The theoretical concepts used in the PYWALL software extends beyond the conventional method of analysis and design of flexible retaining walls based on limit-equilibrium theory.
As a difference to conventional pratice, the PYWALL method does not ignore the effects of soil-structure interaction.
The new PYWALL introduces the option to perform computation models of staged constructions.
This is a new and very convenient tool to study and to compare the predicted deflection, bending moment, and shear at different stages of construction based on a simplified approach.
Another new feature that is introduced with PYWALL is the option to conduct short-term and long-term analyses.
Users can now define two different soil properties for short and long-term analyses to quickly evaluate and compare the different responses of the modeled wall.
New p-y curve criteria for Weak Rock is introduced in PYWALL and added to the previously existing six soil types.
The interface in PYWALL reflects various improvements to facilitate data input and to reduce the learning curve of the program.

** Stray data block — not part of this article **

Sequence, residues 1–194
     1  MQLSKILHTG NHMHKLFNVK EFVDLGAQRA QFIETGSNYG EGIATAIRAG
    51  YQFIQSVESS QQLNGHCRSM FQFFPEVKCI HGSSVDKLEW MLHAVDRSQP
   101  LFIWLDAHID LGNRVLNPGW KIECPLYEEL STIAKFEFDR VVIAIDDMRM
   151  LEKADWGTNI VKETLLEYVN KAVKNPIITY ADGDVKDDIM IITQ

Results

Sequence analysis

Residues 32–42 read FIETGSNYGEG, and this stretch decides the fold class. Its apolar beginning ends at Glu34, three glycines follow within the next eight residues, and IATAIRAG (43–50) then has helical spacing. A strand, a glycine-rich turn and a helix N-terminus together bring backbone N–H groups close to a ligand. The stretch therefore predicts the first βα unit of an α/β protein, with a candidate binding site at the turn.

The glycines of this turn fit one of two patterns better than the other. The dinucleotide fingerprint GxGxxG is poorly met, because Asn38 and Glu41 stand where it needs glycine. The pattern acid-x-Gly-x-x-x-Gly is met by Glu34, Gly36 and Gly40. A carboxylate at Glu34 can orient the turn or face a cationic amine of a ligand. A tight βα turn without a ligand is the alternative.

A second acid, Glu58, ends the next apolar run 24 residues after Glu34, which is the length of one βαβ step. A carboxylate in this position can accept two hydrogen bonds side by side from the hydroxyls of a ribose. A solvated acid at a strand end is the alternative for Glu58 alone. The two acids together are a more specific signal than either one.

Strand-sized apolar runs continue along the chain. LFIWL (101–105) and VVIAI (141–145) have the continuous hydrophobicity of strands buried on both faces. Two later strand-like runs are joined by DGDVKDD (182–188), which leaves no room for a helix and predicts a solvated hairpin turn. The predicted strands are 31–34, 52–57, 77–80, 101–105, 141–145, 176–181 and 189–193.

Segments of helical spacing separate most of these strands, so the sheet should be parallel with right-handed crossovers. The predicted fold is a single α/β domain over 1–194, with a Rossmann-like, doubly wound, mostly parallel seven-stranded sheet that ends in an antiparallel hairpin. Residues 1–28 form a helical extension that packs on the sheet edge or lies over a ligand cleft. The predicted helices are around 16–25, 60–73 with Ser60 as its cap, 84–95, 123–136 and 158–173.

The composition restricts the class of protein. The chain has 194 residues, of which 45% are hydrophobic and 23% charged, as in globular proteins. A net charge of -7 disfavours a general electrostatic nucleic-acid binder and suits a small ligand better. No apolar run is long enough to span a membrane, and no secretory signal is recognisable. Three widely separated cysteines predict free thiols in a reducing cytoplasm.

For instance, required input of soil properties now varies according to the selected soil type and new improved graphics references are used in various menus.
Modern methods of analyses of the behavior of reatining structures depend largely on employment of realistic soil conditions and relevant details of the structural system.
Therefore, a rational method of analysis and design must include the nonlinear soil-resistance-isplacement relationships, shaft spacings, penetrations depth and structural properties.
The program PYWALL considers soil-structure interaction by using a generalized beam-column model and analyzes the behavior of a flexible retaining wall or soldier-pile wall with or without tiebacks or bracing systems.